Interleukin-6 Inhibition Linked to Better Glycemic Control in Rheumatoid Arthritis
Clinical Study Title:
The effect of sarilumab in combination with DMARDs on fasting glucose and glycosylated hemoglobin in patients with rheumatoid arthritis with and without diabetes
Clinical Study Abstract:
- Background/Purpose: IL-6 involvement has been reported in glucose metabolism. Sarilumab, a human mAb blocking the IL-6Rɑ, was evaluated for treatment of RA in 3 clinical trials: MOBILITY, TARGET, and MONARCH. This analysis examined effects of sarilumab or placebo (Pbo), plus DMARDs, on fasting glucose and glycosylated hemoglobin (HbA1C) in patients with RA, with and without diabetes.
- Methods: Fasting glucose and HbA1C data were collected during 2 Pbo-controlled studies of sarilumab + DMARDs: MOBILITY and TARGET. Studies excluded patients with HbA1C≥9.0%. Patients with baseline (BL) and ≥1 post-BL sample were included in post hoc pooled analyses and categorized as diabetic (DIAB) or non-DIAB based on medical history of diabetes or prior use of antidiabetic medication. Changes from BL in fasting glucose, HbA1C, and weight were analyzed with a linear regression model. Spearman rank correlation coefficient was calculated for changes in glucose, HbA1C, and high-sensitivity (hs)-CRP. Changes in these parameters were stratified by clinical response. Clinical meaningfulness was based on comparison with results of clinical trials with antidiabetic medications.
- Results: The DIAB group (n=179) compared with the non-DIAB group (n=1803) had higher BL body weight (mean ± SD, kg: 84.8 ± 21.4 vs 74.6 ± 18.8) and a larger proportion of patients with BMI ≥30 kg/m2 (56.7% vs 31.9%). Mean fasting glucose and HbA1C at BL were similar across treatment groups (Pbo, and sarilumab 150 and 200 mg every 2 weeks [q2w]) but higher in the DIAB group than in the non-DIAB group (Table). Patients in the DIAB group had a greater reduction in fasting glucose at wk 24 compared with those in the non-DIAB group. Decreases in HbA1C occurred in non-DIAB and DIAB sarilumab-treated groups but not with Pbo. The treatment effect was largest in the DIAB group. At wk 24, the change in HbA1C was -0.43% in the DIAB (sarilumab 200 mg q2w) group and +0.17% in the DIAB (Pbo) group (-0.69% mean difference; P<0.001). Reductions in fasting glucose and HbA1C were observed in sarilumab-treated DIAB subgroups independently of changes in hs-CRP, ACR50, or DAS28-CRP remission status, and despite increases in mean body weight. The overall safety of sarilumab did not differ between DIAB and non-DIAB patients with RA.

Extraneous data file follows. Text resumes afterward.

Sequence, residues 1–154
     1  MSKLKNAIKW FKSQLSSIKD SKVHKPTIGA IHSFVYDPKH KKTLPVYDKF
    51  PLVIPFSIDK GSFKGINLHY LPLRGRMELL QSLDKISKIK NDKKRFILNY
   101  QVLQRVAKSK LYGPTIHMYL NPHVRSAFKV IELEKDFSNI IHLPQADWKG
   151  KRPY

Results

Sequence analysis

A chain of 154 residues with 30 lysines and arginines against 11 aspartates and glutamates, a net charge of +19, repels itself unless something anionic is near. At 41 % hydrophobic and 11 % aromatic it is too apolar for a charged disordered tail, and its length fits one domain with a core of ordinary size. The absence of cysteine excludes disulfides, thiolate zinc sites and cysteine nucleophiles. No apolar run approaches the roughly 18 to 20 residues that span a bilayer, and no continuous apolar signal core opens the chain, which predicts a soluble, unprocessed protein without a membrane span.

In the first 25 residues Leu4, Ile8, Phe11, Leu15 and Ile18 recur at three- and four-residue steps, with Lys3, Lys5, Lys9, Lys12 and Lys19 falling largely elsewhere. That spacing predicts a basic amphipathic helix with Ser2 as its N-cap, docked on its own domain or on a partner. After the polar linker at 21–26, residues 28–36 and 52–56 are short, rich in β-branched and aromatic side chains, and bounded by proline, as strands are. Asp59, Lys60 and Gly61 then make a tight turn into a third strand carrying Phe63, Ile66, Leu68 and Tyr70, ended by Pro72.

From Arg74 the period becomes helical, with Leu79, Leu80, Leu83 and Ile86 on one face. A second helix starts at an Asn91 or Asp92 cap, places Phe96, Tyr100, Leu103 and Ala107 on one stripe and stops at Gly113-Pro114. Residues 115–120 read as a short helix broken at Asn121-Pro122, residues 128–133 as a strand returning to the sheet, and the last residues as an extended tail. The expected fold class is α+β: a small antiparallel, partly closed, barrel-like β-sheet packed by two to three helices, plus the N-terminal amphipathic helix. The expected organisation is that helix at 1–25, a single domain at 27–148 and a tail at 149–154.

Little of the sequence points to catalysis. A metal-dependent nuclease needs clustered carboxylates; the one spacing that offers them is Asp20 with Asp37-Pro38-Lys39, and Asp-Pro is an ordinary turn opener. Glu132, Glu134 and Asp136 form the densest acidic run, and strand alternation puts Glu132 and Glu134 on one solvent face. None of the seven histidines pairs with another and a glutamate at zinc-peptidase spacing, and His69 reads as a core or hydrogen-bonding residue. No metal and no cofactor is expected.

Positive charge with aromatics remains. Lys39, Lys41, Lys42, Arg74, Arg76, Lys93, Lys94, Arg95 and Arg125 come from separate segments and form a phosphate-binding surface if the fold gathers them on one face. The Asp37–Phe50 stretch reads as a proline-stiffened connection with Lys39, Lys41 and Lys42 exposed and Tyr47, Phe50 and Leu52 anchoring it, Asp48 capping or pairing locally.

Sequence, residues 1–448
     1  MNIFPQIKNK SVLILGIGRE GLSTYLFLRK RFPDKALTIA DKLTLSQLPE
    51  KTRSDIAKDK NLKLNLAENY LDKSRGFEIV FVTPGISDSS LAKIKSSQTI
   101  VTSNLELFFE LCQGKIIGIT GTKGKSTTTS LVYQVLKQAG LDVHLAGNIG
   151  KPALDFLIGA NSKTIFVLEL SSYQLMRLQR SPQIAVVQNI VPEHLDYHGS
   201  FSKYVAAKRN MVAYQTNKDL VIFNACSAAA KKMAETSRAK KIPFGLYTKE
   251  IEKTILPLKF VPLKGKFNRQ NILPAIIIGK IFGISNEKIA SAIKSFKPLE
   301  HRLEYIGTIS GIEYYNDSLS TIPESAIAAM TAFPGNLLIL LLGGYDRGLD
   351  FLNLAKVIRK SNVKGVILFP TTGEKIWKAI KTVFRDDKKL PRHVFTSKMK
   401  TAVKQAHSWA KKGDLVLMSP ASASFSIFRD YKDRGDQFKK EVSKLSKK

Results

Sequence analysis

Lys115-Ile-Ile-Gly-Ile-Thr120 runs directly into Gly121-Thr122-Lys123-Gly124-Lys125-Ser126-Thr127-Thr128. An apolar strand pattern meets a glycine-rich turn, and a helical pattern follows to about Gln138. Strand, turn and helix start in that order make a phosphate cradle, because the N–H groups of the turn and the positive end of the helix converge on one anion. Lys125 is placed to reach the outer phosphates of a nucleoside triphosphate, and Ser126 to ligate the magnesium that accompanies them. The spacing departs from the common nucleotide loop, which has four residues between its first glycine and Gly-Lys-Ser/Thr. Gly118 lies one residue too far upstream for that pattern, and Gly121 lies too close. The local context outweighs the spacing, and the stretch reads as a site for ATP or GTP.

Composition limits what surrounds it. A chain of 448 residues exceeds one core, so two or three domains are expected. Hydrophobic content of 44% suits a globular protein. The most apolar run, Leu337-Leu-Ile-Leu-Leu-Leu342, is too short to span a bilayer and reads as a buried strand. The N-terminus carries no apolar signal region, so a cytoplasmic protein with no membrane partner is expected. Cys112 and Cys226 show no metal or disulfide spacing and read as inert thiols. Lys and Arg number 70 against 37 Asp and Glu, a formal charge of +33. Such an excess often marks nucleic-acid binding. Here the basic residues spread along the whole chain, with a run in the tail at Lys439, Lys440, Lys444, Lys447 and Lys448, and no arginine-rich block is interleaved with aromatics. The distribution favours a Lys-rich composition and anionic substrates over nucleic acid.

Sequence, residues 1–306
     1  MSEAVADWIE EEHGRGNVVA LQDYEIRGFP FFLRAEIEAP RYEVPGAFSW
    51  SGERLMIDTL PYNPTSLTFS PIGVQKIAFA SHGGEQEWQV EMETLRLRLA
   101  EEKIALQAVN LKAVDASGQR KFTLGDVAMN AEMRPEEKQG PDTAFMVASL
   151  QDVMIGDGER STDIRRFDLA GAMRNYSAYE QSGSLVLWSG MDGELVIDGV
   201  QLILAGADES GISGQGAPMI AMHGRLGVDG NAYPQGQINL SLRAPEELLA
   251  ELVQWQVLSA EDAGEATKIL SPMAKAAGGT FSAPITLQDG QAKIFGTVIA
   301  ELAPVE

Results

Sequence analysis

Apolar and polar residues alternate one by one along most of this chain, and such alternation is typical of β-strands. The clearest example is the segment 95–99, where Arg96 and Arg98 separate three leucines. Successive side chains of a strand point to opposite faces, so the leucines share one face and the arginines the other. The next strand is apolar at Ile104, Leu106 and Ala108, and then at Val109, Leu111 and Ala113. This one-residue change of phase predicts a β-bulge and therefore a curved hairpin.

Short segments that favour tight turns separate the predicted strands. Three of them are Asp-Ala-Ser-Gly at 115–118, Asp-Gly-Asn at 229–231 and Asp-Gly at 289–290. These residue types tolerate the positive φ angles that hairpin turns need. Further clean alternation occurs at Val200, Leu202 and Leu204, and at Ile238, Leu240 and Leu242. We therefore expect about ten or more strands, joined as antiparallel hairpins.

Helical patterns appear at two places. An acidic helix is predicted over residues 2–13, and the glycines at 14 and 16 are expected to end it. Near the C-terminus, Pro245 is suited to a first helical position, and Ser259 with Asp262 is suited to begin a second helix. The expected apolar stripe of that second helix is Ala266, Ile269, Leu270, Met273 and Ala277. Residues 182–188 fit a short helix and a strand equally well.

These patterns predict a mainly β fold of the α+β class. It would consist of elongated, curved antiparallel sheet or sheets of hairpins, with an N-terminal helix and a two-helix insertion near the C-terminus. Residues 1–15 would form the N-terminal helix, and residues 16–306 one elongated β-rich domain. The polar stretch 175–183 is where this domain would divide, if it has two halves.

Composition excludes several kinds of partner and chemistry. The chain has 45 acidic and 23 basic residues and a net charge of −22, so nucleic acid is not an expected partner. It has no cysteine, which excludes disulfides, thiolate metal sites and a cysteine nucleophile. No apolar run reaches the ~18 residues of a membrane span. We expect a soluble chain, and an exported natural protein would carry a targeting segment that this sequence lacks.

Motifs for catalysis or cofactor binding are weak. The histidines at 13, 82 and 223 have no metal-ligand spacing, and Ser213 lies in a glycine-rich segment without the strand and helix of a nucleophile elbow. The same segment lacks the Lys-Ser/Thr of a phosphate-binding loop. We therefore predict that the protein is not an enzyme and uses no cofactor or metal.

- Conclusion: Sarilumab + DMARDs reduced fasting glucose and HbA1C in DIAB and HbA1Cin non-DIAB patients with RA, independent of changes in body weight, hs-CRP, ACR50, or DAS28-CRP remission status at wk 24. In DIAB patients, the difference in HbA1C reduction between sarilumab 200 mg q2w and Pbo was clinically meaningful.